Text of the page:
Pleural Mesothelioma Cancer

Pleural mesothelioma (sometimes referred to as Mesothelioma of the Pleura) is a rare, aggressive cancer that develops in the thin layer of tissue surrounding the lungs. The disease is caused primarily by the inhalation of microscopic asbestos fibers, which can become lodged in the lining around the lungs and trigger a chain of physiological reactions that eventually can lead to cancer.

Pleural is one of four types of mesothelioma and is the most common. There are more than 2,000 cases of pleural mesothelioma diagnosed annually in the United States, and a majority of them are traced to an occupational exposure to asbestos.

The name of the disease comes from the mesothelial cells within the pleura lining around the lungs. Benign pleural tumors also can develop, but these cases are extremely rare and typically not related to asbestos. On average, 10 patients are diagnosed with malignant pleural mesothelioma for every one patient with benign pleural mesothelioma.

A large percentage of those diagnosed are older men, which is due to a combination of industrial workplace exposure to asbestos and a lengthy latency period (10-50 years) between that exposure and the diagnosis. Yet woman also are diagnosed, too, either from secondhand exposure (for example, from the clothes a husband was wearing when he came home), or from spending considerable time in a structure where asbestos was in the air.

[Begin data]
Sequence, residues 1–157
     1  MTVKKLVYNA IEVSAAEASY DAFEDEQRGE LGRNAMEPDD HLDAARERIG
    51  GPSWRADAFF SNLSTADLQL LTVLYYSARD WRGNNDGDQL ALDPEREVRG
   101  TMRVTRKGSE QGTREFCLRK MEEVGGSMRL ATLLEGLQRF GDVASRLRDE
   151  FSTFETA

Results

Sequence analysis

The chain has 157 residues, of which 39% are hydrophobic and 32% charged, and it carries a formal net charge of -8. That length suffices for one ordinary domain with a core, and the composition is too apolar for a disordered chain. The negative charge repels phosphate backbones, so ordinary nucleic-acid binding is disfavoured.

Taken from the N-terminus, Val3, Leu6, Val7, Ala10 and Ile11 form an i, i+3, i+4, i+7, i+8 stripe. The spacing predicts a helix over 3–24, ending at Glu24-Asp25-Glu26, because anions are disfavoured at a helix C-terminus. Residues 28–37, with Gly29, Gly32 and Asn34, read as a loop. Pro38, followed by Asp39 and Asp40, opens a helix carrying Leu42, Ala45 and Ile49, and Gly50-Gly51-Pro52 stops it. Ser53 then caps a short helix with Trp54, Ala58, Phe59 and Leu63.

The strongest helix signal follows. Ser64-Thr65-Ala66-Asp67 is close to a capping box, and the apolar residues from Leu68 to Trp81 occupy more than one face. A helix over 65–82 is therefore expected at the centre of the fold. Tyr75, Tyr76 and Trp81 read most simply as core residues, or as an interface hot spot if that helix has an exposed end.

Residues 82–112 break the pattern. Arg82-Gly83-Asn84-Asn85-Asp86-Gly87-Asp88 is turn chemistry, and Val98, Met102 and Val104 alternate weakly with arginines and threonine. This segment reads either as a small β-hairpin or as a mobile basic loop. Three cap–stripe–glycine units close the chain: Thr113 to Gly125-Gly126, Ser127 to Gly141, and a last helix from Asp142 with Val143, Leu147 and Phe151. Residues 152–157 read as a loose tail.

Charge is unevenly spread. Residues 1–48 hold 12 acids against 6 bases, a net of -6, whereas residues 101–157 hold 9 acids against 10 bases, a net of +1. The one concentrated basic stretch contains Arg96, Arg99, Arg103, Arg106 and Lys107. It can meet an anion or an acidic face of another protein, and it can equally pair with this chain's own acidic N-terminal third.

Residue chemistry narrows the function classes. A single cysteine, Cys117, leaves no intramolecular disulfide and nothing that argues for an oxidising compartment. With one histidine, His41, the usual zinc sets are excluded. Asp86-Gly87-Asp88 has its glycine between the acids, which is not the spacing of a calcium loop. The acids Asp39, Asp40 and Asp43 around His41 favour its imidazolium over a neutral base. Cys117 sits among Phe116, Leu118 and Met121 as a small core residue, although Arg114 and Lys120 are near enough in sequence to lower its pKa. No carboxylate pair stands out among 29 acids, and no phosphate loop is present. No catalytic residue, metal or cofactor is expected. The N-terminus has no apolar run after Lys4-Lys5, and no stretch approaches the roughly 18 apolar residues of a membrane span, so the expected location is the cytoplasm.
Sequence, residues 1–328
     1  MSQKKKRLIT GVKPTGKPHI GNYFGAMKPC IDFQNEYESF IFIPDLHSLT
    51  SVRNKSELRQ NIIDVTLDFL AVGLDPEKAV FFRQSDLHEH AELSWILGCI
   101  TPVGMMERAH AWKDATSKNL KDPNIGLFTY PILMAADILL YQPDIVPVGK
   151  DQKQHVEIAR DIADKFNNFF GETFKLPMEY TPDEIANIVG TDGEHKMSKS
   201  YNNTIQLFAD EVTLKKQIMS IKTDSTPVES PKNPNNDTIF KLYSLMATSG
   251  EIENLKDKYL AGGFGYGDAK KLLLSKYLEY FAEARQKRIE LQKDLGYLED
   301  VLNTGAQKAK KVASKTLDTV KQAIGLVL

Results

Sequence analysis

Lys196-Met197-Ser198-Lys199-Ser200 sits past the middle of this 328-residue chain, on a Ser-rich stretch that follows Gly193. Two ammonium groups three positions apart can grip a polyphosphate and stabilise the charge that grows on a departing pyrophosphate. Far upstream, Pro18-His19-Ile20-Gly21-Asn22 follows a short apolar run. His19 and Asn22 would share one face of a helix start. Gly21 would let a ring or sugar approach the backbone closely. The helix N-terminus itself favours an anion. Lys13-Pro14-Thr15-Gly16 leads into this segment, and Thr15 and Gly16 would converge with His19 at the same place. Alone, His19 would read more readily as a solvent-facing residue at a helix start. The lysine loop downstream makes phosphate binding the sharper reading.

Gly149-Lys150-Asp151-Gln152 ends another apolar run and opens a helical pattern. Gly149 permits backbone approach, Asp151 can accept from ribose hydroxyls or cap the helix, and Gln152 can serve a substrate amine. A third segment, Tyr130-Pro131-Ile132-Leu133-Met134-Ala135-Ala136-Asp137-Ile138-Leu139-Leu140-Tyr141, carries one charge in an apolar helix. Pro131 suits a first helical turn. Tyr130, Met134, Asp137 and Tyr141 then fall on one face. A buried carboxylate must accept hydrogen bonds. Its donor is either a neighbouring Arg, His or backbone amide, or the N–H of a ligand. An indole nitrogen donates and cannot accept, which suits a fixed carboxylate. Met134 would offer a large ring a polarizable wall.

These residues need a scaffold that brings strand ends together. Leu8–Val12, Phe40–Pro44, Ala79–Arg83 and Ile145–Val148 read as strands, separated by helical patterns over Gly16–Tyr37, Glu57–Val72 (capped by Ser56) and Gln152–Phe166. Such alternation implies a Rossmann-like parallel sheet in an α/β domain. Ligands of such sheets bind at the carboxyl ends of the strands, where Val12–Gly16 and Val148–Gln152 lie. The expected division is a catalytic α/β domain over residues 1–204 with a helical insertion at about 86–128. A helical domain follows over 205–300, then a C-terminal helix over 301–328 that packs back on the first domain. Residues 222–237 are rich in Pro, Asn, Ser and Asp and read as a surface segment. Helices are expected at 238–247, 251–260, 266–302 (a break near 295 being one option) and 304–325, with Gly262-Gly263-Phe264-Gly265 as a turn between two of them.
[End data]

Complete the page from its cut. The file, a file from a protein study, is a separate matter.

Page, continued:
This form of cancer can take decades to develop after someone is exposed to asbestos, but once pleural mesothelioma tumors form, cancer cells usually spread rapidly across the lining of the lung. The most successful way to treat it is a combination of surgery, chemotherapy and radiation, which is known as a multimodal approach. Although there is no definitive cure, effective therapies are being developed now that can slow, or even stop, its growth if diagnosed early enough.

Pleural Mesothelioma Symptoms

Early symptoms of pleural mesothelioma often mirror those of less serious illnesses, which is one reason it is tough to diagnose before it has metastasized. Symptoms can include a raspy cough, shortness of breath, fatigue, chest pain or unexplained weight loss. The symptoms usually are related to the presence of small tumors and to a slow thickening of the pleural membrane.

Unfortunately, many of the more serious symptoms don't present until the cancer has reached its later stages, which usually limits the potential treatment options. Painful breathing, coughing up blood, difficulty swallowing and pain in the lower back become more common as it progresses.

Diagnosing Pleural Mesothelioma

Pleural mesothelioma can be difficult to diagnose. The process can take months, and sometimes up to a year, before a definitive diagnosis is made. Part of the problem is the rarity of the disease, which many medical professionals rarely see. It's important for a patient to discuss known exposure to asbestos early with a physician. If pleural mesothelioma is suspected, it's crucial to see a specialist who has experience with the disease and its intricacies.

It's challenging even for an experienced oncologist to distinguish between pleural mesothelioma and a more common lung cancer. The early symptoms often are confused with pneumonia or influenza.

After a medical and occupational history review, a patient is typically sent for imaging tests. It might start with X-rays, then move to CT scans to provide a closer, more advanced look at the problem.